Plaid Cymru leader Leanne Wood has said she is "staggered" by the response to her suggestion that the Barcelona attack was "far right" terrorism.
Thirteen people died when a van drove into pedestrians in the Spanish city, with so-called Islamic State (IS) saying it was responsible.
The Welsh Conservatives called on Ms Wood to apologise or resign, while UKIP accused her of an "outrageous smear".
Ms Wood said far-right ideologies drove both IS and white supremacists.
People from 34 different countries were injured or killed in the attack on the famous Las Ramblas on Thursday.
Hours later, police killed five suspected jihadists in a second vehicle attack in the town of Cambrils. A woman injured in that attack died later, taking the total death toll to 14.
Following the Las Ramblas attack, the Plaid Cymru leader posted her reaction on Twitter, saying: "Ofnadwy / terrible. Is this more far right terrorism? My thoughts are with all those affected."
She added: "All forms of political violence are the same. USA, Barcelona, everywhere. They are ideology-driven & we have to understand that to stop it."
The comments sparked a critical response from politicians of other parties, and on social media.
Welsh Conservative leader Andrew RT Davies, who had tweeted it was "sickening" to hear of the attack in Barcelona, said it was "unbelievable" Ms Wood had speculated it might be linked to a far-right group.
His fellow Tory assembly member Janet Finch-Saunders said the comments were "at best poorly timed and ill-judged, at worst cynical and morally depraved".
"Politicising terror so fresh after an attack can never be acceptable, and only adds to the hysteria and toxicity of debate.
"As leader of a so-called progressive party, she should show some contrition by issuing an immediate apology and, if she doesn't, I think she should resign."
A tweet from UKIP Wales said: "Absolutely outrageous smear against UKIP which you have called 'far-right' countless times. How dare you associate us with murderers!"
Later, UKIP's Senedd group leader Neil Hamilton said it was a "gross insult" to more than 130,000 people who voted for the party in the 2016 assembly election.
"Leanne Wood is clearly not fit for purpose," he said.
"She is an embarrassment not only to Plaid Cymru but to the whole of Wales."
'No better than each other'
Following the outcry, the Plaid Cymru leader responded on Facebook, saying: "I am staggered by the reaction to the point that Isis and white supremacism both have far right ideologies driving them.
"Both see their group as superior to others. Both see people who are not in their group fair targets for abuse, violence and even death. Both hate minorities and consider women to be less than men.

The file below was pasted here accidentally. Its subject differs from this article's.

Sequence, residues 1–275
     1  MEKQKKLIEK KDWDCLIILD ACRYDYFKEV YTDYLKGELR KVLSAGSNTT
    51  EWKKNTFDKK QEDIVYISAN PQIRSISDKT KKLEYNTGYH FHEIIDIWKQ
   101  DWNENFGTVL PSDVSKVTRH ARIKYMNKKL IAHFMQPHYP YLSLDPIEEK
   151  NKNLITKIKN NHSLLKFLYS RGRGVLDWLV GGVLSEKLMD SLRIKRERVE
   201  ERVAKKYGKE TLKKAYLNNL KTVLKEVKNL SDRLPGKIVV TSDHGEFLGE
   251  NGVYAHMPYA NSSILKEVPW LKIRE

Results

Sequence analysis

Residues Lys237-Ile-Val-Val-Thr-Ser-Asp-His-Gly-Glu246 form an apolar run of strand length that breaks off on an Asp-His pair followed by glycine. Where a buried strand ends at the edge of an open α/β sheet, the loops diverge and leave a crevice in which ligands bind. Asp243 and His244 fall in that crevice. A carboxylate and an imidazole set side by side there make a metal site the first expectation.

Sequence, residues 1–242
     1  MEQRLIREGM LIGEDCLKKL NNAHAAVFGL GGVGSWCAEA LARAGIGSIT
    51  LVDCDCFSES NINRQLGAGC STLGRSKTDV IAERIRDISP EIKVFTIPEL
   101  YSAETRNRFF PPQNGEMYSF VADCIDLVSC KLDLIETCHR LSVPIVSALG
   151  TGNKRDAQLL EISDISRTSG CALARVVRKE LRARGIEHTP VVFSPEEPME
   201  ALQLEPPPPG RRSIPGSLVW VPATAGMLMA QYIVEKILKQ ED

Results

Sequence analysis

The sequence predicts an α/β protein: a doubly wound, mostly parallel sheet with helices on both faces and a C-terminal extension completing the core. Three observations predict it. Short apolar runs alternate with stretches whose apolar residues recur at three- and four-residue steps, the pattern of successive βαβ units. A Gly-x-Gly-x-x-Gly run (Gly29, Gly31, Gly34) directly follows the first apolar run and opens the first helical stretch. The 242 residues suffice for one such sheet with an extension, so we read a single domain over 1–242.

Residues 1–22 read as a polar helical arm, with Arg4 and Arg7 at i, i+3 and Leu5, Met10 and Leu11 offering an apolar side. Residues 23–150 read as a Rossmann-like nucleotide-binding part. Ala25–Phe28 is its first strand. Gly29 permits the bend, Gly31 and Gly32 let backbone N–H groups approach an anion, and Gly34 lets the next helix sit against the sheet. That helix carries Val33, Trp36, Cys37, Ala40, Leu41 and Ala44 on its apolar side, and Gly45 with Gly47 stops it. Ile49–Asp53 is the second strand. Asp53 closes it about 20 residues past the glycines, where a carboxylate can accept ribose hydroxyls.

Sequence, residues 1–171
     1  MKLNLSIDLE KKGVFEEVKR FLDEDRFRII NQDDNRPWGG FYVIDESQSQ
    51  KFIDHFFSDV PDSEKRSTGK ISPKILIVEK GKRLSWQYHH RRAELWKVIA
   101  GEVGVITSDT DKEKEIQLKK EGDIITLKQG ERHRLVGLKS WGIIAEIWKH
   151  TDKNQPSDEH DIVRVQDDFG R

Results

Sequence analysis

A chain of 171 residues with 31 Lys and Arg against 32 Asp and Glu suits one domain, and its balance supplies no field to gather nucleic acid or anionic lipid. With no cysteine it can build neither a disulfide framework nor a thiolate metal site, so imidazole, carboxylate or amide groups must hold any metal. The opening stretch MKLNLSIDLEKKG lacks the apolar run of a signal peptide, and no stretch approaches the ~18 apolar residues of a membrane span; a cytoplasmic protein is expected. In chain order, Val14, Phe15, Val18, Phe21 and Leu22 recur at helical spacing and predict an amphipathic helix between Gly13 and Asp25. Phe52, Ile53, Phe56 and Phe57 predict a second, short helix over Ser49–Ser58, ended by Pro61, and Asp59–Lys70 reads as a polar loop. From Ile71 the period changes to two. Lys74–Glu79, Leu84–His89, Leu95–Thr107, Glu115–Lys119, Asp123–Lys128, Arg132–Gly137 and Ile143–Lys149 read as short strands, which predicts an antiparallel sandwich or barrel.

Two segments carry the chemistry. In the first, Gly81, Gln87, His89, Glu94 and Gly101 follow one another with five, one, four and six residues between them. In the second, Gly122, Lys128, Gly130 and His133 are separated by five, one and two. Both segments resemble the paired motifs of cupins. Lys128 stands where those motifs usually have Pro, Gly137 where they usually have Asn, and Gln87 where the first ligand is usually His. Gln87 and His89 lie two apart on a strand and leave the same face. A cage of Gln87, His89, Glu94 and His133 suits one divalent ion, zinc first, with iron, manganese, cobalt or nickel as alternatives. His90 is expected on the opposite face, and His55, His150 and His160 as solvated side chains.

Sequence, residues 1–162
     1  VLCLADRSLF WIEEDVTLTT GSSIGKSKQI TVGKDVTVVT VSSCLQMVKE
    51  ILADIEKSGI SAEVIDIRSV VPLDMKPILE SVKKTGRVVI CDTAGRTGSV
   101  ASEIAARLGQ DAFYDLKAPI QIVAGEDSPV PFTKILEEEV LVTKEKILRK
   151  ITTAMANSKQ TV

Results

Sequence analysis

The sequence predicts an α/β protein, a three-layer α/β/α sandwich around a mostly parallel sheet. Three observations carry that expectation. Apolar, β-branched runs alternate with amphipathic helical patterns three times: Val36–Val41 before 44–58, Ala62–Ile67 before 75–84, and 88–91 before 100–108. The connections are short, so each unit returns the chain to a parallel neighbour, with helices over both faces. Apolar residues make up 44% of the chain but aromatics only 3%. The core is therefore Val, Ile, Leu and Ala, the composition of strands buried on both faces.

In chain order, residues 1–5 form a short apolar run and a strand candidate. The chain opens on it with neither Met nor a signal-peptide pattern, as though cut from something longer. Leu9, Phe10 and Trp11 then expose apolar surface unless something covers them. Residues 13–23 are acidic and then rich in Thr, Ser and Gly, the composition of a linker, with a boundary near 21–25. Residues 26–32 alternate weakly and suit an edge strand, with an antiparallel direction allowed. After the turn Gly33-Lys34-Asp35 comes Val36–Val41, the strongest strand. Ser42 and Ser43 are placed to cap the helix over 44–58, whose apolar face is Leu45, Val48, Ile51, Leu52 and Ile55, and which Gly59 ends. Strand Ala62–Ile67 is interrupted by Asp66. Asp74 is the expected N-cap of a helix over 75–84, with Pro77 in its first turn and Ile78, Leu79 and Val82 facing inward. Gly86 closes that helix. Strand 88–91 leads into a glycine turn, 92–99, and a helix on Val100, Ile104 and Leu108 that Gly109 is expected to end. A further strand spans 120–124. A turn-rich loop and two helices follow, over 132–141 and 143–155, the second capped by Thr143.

"Both believe in using extreme violence to repress people with different views. This is far right/ fascism ideology. How can it not be?"
Ms Wood said she could see how her comments would "upset" people on the far right, saying "the comparison links western racists and white supremacists to their number one hate target and shows them as no better than each other".
She ended her post by saying: "While it's important, in my view, to say and keep saying that politics and ideology lie behind these acts of violence, my thoughts are first and foremost with the victims of last night's horror."
Ms Wood also defended her comments in a statement issued by Plaid Cymru later on Friday, describing IS as a "fascist organisation".
"It is driven by an ideology of hatred and violence that scapegoats minorities and considers women to be worth less than men," she said.
"This far-right ideology and the violence that goes with it must be rejected and opposed wherever it rears its head - be it Islamic fundamentalism or white supremacism."
Meanwhile, First Minister Carwyn Jones said: "Our thoughts today are with all of those who were affected by yesterday's terrorist attacks on Barcelona and Cambrils.
"It is truly horrifying to think that people who were simply going about their daily lives, relaxing and enjoying themselves could be targeted in such an evil way."
Mr Jones added Barcelona was "a proud and beautiful city", and that Wales shared "many historical and cultural ties" with the Catalunya region of Spain.
"I want to end by expressing my deepest sympathies on behalf of the people of Wales," the first minister said.
"We stand by your side at this difficult time."